|Grade:||Letter grade (A through F)|
|Course Capacity Min/Max:||10/20 students|
|Language of instruction:||English|
|Examination support material:||• Bilingual dictionary between English and mother tongue. |
• Digital taxonomic key for Vascular Plants on Svalbard (ArtsApp)
• Hand outs in binder at each examination station: Rønning 1996 Svalbard’s flora in English and Norwegian; List of plant names with synonyms; Additional Draba and Festuca keys; Overview of mites and collembolans; Diptera key.
60 ECTS within general natural sciences, of which 30 ECTS within the field of biology. The applicant must be enrolled in a programme at Bachelor level, or document that the course is approved into the applicant’s current study programme.
The course is strongly recommended as a preparation for students following the autumn courses AB-201 Terrestrial Arctic Biology and AB-204 Arctic Population Ecology, and students participating in these courses will be prioritized for admission to AB-206.
The intentions behind this course are to give bachelor students an introduction to the main taxonomic groups present in the terrestrial environment in Svalbard, the importance of systematic research, and the difficulties related to taxonomy in many Arctic species, which often have wide distribution ranges, and show high levels of intraspecific variation.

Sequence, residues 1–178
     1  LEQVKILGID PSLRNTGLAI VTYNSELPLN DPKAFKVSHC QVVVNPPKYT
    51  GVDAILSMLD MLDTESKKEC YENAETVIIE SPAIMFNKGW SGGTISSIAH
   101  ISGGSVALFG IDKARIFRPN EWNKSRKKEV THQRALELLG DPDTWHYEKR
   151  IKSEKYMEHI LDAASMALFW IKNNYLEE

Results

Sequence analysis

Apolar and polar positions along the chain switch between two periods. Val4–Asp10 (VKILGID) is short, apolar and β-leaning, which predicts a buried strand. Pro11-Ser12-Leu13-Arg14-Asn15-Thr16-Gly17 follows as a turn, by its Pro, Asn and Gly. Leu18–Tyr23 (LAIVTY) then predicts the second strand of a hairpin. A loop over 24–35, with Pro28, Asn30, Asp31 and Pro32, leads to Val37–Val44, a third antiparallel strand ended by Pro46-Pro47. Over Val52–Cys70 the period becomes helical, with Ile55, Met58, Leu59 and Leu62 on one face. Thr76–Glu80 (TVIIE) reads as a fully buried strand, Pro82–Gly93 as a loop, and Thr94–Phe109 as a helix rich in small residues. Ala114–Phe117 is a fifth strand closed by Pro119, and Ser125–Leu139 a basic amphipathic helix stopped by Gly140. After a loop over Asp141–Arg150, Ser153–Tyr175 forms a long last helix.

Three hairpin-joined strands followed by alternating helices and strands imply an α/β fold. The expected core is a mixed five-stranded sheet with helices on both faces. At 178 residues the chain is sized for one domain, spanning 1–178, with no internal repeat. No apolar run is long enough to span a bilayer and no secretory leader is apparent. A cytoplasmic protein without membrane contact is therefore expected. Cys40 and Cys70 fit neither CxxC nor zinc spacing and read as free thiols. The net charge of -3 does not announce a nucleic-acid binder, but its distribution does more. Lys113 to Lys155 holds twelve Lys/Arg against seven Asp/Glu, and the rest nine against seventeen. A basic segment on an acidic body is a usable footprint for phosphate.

Upon completing the course, the students will:
- list names and describe characters of common terrestrial species or taxa in Svalbard, with main focus on vascular plants, invertebrates and birds.
- identify common species in the field
- use identification keys (dichotomous and polyclave keys)
- use various field and lab methods to identify, collect and prepare species.
- perform fieldwork in Arctic terrestrial environments
- apply hierarchical information to be able to identify species.
The course is a 2.5-weeks intensive course including compulsory safety training.
After introductory lectures, we will focus on three species groups: vascular plants, invertebrates, and birds. These three species groups will be taught through complementary lectures, fieldwork, and laboratory exercises. We will visit a range of different habitats around Longyearbyen, where we will look at various species in the field and set out insect traps and collect plant material for further identification at the lab. Reading material will be provided in advance, and participants are expected to have read the provided literature upon arrival.
- Total lecture hours: 12 hours.
- Total seminar hours: 3 hours.
- Laboratory work: 23 hours.
- Excursions: 6 days (one full day, five shorter days).
Compulsory learning activities:
- Field excursions, seminar and laboratory exercises.
- All compulsory learning activities must be approved in order to sit the exam.
Percentage of final grade
|Practical exam||4 hours||